FMCSA wants to track what truckers do in their personal vehicles

Steve Wilcox
about 19 hours ago

The Federal Motor Carrier Safety Administration (FMCSA) has filed a request to investigate what CDL truck and bus drivers do during their home time. Specifically, the agency aims to study the effects of “excessive commuting” between a drivers home and work terminal.

If the request for the study is approved by the White House’s Office of Management and Budget (OMB), then the FMCSA plans to survey up to 12,000 drivers to perform their research.

In the proposal, the FMCSA states that long commute times [between a commercial driver’s home and work terminal] “can lead to excessive fatigue while on duty, creating safety concerns for both the CMV driver and other drivers on the roads.”

Although no new rules or regulations are being proposed, the study could become the foundation for future regulations.

In order to complete the study, the FMCSA will ask 12,000 registered CDL holders to complete a 20-minute online survey. The FMCSA will pay drivers a $10 incentive to complete the survey.

The agency is currently accepting public comments on the proposed study.

As of January 6th, the proposal has received 18 public comments. A majority of the comments oppose the proposed study.

Driver Tammy Dodge wrote the following public comment:

This is not required to subject truck drivers to this. This is a violation of their privacy it seems to me. First this ELD thing which these electronic devices have been unreliable at the very least and follow no common sense approach to everyday circumstances that are dealt with daily by the drivers. These regulations seem to be unfairly aimed at the truck driver to make their jobs almost impossible to work. This is just another bad regulation aimed at the truck driver that might live a ways away from their terminal. Now the FMCSA wants to penalize them even more for having to drive to work. Will it ever stop? It just keeps going on and on with bad regulations aimed at the everyday, hard working, family supporting, tax paying truck driver. Not to mention without these hardworking individuals this country would not be able to enjoy all the essentials needed for basic daily life. The government and the FMCSA needs to stop targeting this group that keeps America running, and stop continually listening to the giant fleet owners and every group that has to blame someone for something that happens on the road. ENOUGH IS ENOUGH FMCSA!!!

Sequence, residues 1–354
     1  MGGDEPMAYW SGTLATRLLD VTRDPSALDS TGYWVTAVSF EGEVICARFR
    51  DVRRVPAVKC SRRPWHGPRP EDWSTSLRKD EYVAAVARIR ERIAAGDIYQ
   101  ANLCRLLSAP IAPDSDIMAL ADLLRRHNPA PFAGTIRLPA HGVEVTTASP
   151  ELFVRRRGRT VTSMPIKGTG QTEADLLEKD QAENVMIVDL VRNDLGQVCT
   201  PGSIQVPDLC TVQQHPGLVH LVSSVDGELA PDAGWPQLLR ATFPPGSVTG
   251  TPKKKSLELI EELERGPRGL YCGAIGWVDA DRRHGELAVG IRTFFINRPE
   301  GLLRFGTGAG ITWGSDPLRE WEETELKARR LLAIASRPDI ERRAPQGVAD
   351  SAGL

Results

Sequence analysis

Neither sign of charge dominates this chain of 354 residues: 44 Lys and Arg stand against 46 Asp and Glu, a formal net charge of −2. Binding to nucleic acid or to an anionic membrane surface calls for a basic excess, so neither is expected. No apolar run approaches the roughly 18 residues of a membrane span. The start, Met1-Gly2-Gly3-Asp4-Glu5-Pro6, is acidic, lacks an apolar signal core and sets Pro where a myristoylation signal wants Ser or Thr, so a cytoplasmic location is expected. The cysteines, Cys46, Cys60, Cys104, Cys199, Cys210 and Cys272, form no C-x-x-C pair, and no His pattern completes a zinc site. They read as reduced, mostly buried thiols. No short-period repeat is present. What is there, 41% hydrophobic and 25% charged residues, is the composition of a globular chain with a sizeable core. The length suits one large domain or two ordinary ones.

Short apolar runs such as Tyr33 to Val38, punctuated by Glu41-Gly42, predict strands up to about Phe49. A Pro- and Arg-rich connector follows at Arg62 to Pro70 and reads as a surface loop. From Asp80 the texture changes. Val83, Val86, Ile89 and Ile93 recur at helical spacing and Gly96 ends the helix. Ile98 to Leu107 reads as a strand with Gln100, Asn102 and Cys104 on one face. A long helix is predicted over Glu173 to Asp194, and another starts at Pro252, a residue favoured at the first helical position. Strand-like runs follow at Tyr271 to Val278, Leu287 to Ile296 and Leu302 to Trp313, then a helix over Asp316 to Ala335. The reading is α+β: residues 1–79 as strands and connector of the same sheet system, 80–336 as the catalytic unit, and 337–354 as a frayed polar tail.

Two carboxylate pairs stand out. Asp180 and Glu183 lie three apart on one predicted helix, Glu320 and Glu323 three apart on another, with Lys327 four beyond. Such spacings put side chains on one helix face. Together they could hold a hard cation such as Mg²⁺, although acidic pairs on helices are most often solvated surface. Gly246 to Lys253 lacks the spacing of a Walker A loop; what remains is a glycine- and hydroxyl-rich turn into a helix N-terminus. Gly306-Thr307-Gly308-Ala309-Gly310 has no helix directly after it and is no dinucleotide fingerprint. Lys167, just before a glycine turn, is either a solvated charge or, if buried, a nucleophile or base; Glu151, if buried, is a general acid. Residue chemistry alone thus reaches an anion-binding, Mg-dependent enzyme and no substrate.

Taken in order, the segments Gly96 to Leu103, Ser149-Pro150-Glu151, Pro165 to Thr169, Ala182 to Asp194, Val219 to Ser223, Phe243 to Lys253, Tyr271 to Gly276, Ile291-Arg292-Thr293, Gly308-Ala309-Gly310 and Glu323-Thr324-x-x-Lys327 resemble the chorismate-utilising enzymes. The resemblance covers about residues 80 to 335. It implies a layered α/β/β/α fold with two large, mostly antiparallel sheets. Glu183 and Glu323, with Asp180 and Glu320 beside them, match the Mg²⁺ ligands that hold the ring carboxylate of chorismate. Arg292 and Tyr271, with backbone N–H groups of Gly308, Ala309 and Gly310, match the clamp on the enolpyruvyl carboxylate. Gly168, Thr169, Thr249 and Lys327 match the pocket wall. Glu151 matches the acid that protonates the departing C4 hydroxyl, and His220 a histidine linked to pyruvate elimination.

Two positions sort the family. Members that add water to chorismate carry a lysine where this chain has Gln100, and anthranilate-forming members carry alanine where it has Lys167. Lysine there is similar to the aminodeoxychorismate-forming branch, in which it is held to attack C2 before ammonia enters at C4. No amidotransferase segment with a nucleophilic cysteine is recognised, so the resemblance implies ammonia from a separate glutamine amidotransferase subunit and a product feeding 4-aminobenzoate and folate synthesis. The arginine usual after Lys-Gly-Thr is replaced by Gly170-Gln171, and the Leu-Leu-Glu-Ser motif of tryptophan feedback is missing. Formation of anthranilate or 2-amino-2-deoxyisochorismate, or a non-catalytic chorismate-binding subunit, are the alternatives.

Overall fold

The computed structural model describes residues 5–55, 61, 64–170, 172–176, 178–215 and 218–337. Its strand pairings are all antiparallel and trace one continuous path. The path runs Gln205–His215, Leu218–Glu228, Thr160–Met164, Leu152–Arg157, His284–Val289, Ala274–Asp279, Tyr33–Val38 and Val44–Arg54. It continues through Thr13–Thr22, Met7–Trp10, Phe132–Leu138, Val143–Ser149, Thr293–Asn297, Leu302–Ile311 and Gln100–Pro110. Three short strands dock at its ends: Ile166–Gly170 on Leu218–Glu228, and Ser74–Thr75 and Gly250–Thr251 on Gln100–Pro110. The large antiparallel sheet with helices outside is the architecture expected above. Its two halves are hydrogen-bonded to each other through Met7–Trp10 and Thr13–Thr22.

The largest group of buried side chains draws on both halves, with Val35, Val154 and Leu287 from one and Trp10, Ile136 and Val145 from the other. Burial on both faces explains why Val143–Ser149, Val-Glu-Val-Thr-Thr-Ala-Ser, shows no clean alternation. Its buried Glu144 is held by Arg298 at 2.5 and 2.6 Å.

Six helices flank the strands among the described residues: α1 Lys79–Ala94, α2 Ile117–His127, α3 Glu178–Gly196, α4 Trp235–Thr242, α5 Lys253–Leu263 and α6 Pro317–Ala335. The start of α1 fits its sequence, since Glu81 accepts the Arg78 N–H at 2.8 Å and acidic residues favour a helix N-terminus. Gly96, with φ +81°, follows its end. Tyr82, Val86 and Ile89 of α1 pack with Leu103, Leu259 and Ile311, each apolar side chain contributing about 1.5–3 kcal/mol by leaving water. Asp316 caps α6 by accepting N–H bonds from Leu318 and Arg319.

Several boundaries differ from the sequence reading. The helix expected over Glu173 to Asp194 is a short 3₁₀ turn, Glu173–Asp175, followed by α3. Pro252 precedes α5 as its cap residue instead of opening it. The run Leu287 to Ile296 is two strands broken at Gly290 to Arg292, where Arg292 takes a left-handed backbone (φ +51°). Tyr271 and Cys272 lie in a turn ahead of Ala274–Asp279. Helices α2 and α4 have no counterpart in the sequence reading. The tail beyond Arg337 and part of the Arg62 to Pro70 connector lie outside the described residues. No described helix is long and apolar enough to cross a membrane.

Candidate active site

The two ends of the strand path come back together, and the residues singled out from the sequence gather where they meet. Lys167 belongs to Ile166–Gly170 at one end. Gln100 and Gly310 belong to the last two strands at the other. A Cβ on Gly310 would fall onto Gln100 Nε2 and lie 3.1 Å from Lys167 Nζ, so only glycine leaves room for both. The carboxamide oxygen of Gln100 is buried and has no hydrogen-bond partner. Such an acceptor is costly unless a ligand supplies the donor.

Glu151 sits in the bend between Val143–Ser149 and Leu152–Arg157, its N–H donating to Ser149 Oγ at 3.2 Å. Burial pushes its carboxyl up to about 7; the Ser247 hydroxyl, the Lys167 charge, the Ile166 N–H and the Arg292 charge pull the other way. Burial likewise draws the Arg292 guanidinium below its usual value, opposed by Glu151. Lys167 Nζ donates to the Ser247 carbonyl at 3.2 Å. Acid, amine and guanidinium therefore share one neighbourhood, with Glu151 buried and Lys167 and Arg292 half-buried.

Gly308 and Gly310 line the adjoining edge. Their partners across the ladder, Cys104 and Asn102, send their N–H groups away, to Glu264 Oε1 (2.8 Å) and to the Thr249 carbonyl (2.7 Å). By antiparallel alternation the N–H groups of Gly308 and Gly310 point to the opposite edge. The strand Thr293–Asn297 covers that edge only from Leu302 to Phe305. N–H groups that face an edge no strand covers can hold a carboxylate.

Another driver, Brandon Kisamore, stated the following:

FMCSA needs to find something better to do than make our lives harder. I’ve had my fill of your nonsense and if it continues, this industry will be one more driver short.

In order to post your own public comment, click here, or search for Docket ID: FMCSA-2017-0313 on the Regulations.gov website. The public comment period will close on January 26th, 2018.

Hooked Up

There’s nothing more embarrassing than to have your truck on the hook! Some say it’s no big deal, but for me, it’s embarrassing.  I recently left home to take a load to Lynchburg, VA when my truck started making a weird knocking noise. My truck started losing power and the noise got louder. I was travelling route 360 and just entered Amelia county when I slowed to the point I had to turn my flashers on. I barely made to the burned out truck stop on the left. 
I contacted my dispatch and it took him 14 hours to get someone out there! 14 hours of freezing my buds off, starvin’ like Marvin, and sleepy as a cat!! Even though the temperature outside was 48°, it felt like 30° in the truck. There was no place to go and get warm or to eat.